10 ways to get to the bottom of behaviour and problematic situations in dementia care at home and in LTCFs

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In spring 2016 I gave a webinar entitled “How to become a better dementia care detective” in partnership with a former associate. This post summarizes what we discussed in that webinar. I’ve removed the case study and poll questions that were part of the full one-hour webinar, and created a 23-minute version that explains five of the 10 ways I recommend to get to the bottom of behaviour and problematic situations in dementia care both at home and in institutional environments.

Here it is (apologies for the less-than-stellar visual quality, but the audio is fine. Also, see below the video for summaries of the tips and the bottom of the post for links to things mentioned in the clip, AND you can answer the same questions I asked in the polls at this link):

1) Delete and replace misleading assumptions

To start with it’s important to delete the assumption that the behaviour of people who live with dementia is caused by the disease, and to replace that assumption with the understanding that the way people with dementia behave is much like how the rest of us would behave in similar circumstances. You can experience that for yourself by doing this questionnaire, which takes about four minutes to complete: A short survey on behaviour. Learn more about the biomedical and experiential models of dementia here.

2) Find reliable witnesses

Human beings tend not to be reliable witnesses, as courts have proven time after time. One of the most reliable witnesses is a CCTV camera, and I feel strongly that all long-term care facilities should be fitted with CCTV throughout public and private areas.  However, at the moment, most facilities are not so equipped, and neither are most private homes, which means we must rely on people. All of that being said, I think it’s important to not dismiss the testimony of people who live with dementia as they are the most reliable witnesses of their own experience despite the impacts of their disease. Watch the video above for a GREAT real-life story.

3) Ask questions (5Ws & some Hs)

When looking at specific situations, it’s helpful to use the five “Ws” that detectives and journalists ask: who, what, when, where, and why. In the case of situations involving people living with dementia , the “why question” is probably the most important, and yet the one that is least asked because people make the assumption that the behaviour is caused by the disease when most often it’s not (see 1) above). After the five W’s, gather more information by asking a bunch of “how” questions such as: how much, how often, how long, how many, etc.

4) Re-create the “crime scene”

Do what any good detective would do, and walk through what has happened with the players or substitute players step by step in the environment in which the situation occurred. See if you can find in the sequence potential causes for what’s happened. Try to look at it from the point of view of the person is living with dementia rather than from your own perspective.

5) Use your senses

Experience the situation, again from the perspective of the person his living with dementia, using your five senses: sight, sound, touch, smell, taste. For example, were the lights too bright? Or too dim? Were there bells ringing? Alarms sounding? Loud bangs? TVs playing violent content? Sound and noise are important factors to consider. Is it or was that too hot or too cold? Was there in the noxious smell and the environment such as bleach or other cleaning material? Did the food or water taste bad? Is the medication bitter?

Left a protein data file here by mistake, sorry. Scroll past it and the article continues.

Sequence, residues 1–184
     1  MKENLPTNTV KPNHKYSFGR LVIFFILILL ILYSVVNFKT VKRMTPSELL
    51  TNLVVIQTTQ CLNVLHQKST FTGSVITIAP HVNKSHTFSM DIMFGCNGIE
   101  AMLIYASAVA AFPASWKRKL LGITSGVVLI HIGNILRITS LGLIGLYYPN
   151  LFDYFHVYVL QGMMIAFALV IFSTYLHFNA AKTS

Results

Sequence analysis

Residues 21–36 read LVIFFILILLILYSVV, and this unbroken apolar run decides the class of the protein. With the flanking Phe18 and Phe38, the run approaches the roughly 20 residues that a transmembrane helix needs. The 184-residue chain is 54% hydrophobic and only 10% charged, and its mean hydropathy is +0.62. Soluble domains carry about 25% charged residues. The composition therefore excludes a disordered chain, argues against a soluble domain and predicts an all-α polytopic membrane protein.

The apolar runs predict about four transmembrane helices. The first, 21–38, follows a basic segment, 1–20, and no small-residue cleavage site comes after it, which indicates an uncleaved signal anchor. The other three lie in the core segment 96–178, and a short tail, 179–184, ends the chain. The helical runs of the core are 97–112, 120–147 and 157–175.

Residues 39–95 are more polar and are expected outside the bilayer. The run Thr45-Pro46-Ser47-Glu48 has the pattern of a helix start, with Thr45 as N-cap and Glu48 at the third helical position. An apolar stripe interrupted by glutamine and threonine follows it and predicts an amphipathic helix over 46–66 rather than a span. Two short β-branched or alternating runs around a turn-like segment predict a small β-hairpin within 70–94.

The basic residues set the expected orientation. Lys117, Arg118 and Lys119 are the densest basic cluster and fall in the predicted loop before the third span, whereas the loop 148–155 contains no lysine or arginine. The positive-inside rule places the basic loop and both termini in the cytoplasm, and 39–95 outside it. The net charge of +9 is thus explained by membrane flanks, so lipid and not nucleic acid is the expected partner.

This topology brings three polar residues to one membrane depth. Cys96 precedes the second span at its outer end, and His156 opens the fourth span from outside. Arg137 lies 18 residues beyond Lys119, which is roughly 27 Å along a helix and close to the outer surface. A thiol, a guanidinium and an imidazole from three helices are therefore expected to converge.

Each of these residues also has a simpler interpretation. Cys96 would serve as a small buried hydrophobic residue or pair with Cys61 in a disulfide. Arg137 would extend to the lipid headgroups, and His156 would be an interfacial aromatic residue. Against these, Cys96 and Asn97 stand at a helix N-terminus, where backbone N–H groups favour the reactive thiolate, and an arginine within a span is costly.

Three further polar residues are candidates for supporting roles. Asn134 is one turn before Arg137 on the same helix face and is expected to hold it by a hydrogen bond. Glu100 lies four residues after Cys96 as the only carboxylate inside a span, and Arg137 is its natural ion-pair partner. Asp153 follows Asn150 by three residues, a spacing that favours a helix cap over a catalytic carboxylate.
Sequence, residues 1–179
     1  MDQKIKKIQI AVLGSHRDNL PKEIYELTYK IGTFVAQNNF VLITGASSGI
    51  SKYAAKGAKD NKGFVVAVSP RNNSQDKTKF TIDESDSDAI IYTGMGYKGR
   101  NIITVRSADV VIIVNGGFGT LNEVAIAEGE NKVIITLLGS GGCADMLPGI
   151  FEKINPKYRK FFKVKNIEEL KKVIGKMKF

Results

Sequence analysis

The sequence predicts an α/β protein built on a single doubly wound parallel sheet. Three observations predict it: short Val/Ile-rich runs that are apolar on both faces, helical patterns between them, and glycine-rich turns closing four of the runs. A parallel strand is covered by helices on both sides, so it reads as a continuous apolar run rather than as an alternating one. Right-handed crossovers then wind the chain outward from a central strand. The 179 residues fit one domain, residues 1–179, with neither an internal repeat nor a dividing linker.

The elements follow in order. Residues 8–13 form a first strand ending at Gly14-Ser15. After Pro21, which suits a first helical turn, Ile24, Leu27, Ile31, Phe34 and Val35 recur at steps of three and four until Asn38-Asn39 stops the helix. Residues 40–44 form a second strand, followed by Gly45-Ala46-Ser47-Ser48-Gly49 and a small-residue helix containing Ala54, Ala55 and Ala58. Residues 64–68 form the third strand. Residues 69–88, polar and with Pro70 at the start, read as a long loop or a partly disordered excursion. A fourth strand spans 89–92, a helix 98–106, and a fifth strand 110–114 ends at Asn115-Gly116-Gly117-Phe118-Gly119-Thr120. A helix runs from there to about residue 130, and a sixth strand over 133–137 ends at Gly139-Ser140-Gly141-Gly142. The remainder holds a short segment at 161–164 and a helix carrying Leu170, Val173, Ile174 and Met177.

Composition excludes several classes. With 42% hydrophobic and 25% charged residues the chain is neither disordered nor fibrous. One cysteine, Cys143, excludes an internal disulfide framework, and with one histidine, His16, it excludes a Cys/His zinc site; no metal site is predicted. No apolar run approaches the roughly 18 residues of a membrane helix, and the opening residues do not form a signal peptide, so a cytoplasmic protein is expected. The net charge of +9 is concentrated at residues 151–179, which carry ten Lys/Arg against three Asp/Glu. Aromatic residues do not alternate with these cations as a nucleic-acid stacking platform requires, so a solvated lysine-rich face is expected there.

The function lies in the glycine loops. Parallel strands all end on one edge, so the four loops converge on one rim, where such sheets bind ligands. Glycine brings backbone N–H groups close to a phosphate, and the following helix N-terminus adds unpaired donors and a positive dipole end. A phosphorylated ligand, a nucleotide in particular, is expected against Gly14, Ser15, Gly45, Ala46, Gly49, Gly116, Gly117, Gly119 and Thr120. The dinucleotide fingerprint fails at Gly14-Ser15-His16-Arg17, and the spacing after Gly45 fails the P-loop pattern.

Here are the five additional ways I didn’t cover in the video, with short explanations and links:

6) Ask more questions

In addition to 3) above, keep probing, particularly drilling down using “why” until you get down to the root cause. From a global perspective, here are questions I’ve developed to help me better understand what may be going on. You might find them helpful too:

7) Listen carefully/critically

This can be extremely difficult. One of the hardest things is to let go of our assumptions (see 1) above) , and listen objectively. But it’s also critically important. Try not to be judgmental, particularly with respect to what the person living with dementia says or does. Step back. Be self-aware. I used audio and video recording to help me. I watched and listened to myself to check voice tone and body language so I could hear and see what I was doing well and where I could improve. Listen with the same critical ear to others’ versions of events.

8) Re-examine the “facts”

Don’t take what you have been told, or even what you observed yourself at face value. Ask yourself if the “fact” really is a fact, or is it an “alternative fact,” or even a lie. What evidence is there to back up the facts? If there is no evidence, can you source any? If not, it may be best reconsider how much weight you give to that particular piece of information.

9) Consider motives

Ask yourself what is driving behaviour – not just that of the person who lives with dementia but also of those reporting the behaviour of the person who lives with dementia. Did the care worker say she had changed the client’s brief when in fact she hadn’t? Who benefits most when someone is sedated rather than engaged with life through activities and socializing?

10) Look outside the box

Keep an open mind. Consider all possibilities and remember that reality is sometimes stranger than fiction. Sometimes the thing that appears to walk and talk like a talk is actually a swan in disguise.

Good luck!

Resources & links:

See also: Teepa Snow demos 10 ways to calm a crisis with a person with dementia

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Take my short survey on behaviour here.

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JM